The definition of a Class A building has always been a building offering top-notch amenities and being in the right location. Many real estate executives have yet to figure out that the old real estate adage “Location, Location, Location” has changed to “Location, Location, Connectivity.”
Broadband connectivity was not on anyone’s criteria list 10 years ago, but it is in the top three criteria today. If you think you are in a Class A Building today, it better have broadband connectivity and that means fiber optic connectivity and gigabit speeds, not DSL or T1 connectivity.
In doing research awhile back looking for Class A Buildings in DuPage County, there were over 60 buildings that had vacancies. As soon as you put “broadband connectivity” in as a necessary amenity, that number dropped to six.
If a site-selection committee was looking for corporate space, 90 percent of those properties that property management companies think are Class A would be overlooked and therefore do not really “rate” a Class A rating.
WHAT? What did I just say? You read it. Class A Buildings are quietly being re-rated just from a standpoint of connectivity. To some, that sounds too radical.
If property managers don’t have it as an amenity, they will be looking a long time for a replacement tenant. Oh, they can discount and discount. Maybe they will snag someone, but it won’t be a blue-chip tenant. That’s the reality of the market.
This is the quiet revolution that has been going on and many in the real estate market have not seen it because they still had a lot of tenants on lease. As leases end and the tenants turn over, you will see more Class A Buildings become less desirable as they will not be able to attract and maintain the blue-chip tenants who are looking at connectivity as a required amenity.
It’s already happening. Unless developers and property-management firms understand what needs to be offered to attract and maintain quality business tenants, they are losing tenants to new developments that may have been farsighted enough to add broadband connectivity. This also affects the regional viability to sustain economic development.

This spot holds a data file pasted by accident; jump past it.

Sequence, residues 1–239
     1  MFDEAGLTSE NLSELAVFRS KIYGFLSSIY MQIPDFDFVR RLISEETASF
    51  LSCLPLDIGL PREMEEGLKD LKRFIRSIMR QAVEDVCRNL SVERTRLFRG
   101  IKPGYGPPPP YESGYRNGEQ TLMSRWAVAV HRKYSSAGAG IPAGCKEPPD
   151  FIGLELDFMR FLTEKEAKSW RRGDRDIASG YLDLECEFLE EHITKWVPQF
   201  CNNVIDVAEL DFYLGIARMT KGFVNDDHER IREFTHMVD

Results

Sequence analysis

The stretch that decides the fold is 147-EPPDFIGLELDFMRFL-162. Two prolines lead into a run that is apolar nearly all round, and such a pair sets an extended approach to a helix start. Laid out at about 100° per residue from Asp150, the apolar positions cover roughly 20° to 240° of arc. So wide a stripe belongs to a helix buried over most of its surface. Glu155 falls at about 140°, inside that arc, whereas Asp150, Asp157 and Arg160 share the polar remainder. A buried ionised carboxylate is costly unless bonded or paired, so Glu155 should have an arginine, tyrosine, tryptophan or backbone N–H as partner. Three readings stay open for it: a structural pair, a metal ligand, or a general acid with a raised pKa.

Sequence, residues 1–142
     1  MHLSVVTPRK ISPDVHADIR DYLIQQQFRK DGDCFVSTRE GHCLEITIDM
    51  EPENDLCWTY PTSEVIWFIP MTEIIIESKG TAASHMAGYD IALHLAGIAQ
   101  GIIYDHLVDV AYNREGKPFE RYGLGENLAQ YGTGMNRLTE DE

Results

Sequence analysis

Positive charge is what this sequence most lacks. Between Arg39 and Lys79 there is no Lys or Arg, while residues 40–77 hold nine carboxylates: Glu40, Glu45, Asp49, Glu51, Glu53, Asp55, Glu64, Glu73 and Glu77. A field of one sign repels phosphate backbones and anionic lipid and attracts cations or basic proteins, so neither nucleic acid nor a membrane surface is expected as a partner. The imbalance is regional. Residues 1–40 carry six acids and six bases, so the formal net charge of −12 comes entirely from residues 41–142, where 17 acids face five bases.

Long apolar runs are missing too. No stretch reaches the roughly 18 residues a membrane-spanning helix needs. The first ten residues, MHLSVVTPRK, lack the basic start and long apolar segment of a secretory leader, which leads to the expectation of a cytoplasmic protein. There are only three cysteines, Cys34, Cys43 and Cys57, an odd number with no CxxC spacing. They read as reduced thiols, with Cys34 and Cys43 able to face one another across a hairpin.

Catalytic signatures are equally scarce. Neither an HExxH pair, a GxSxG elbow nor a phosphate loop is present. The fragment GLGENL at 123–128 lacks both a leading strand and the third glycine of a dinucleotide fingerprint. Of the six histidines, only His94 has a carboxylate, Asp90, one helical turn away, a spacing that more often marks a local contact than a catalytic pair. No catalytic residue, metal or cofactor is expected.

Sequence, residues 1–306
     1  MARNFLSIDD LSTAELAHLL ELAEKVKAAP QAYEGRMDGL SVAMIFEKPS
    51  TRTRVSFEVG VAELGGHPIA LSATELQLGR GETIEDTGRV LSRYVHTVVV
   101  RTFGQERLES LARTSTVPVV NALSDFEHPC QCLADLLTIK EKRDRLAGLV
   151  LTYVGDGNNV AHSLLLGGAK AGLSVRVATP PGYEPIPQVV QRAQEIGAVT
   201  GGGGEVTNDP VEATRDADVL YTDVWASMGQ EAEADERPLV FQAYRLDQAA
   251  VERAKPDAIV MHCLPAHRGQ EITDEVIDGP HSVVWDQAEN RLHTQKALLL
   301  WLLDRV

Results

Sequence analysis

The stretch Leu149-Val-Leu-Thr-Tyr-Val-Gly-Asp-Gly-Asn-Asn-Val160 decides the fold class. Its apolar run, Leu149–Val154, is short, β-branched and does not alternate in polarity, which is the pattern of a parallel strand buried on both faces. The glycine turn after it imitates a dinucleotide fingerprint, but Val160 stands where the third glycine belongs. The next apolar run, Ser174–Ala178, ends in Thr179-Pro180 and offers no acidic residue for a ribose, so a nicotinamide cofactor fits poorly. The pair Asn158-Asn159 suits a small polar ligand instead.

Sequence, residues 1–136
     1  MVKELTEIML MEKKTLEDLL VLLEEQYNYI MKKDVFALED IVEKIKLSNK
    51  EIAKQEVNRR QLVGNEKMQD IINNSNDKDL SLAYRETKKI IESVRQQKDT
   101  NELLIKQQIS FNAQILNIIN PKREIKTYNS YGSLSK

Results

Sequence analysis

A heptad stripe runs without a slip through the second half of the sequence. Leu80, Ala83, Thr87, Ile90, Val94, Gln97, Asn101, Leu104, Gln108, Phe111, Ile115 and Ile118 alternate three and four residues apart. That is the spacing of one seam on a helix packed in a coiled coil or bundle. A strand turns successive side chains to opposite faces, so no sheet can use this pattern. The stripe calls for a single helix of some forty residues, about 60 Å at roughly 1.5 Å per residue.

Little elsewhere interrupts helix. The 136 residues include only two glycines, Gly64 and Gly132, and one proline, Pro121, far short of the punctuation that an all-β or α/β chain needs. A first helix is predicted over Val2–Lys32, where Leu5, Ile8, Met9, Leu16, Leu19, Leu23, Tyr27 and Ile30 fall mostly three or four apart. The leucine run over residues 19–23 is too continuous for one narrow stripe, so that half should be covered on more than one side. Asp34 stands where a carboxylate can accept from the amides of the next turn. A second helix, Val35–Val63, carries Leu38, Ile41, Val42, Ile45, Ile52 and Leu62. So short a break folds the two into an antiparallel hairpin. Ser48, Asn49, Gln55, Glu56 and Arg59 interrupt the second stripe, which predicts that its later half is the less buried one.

At next week’s Rural Telecom Conference in Springfield, Ill., I will be speaking on this issue on Tuesday and will also be the keynote Speaker on Oct. 23 at the second annual “Media, Wireless, and You” Symposium at the Milwaukee School of Engineering in Milwaukee.
Traditional approaches are good in traditional markets, but this issue is changing tradition. If you don’t think so, look at where corporate facilities are being located and re-located. The buildings and surrounding community offer broadband connectivity. This is true not only in the United States but in Asia as well.
Places like Far Glory Park in Taiwan and Cyberport in Hong Kong are examples of campuses offering high-speed connectivity as a common amenity for business tenants.
As for organizations buying existing buildings, they better understand what they are buying. They don’t want to be playing hot potato in this market.
CARLINI-ISM: Intelligent Buildings have been clustered together to create intelligent business campuses.
Recent articles by James Carlini
• James Carlini: For cities, WiMAX reality should replace W-Fi fantasy
• Think Wisconsin has Wi-Fi woes? Check out the Windy City
• Think Wisconsin has Wi-Fi woes? Check out the Windy City
• James Carlini: Bandwidth fairy tales: When will the “Three Little Pigs” get it right?
• James Carlini: Municipal Wi-Fi “experts” have egg on their faces
This article previously appeared in MidwestBusiness.com, and was reprinted with its permission.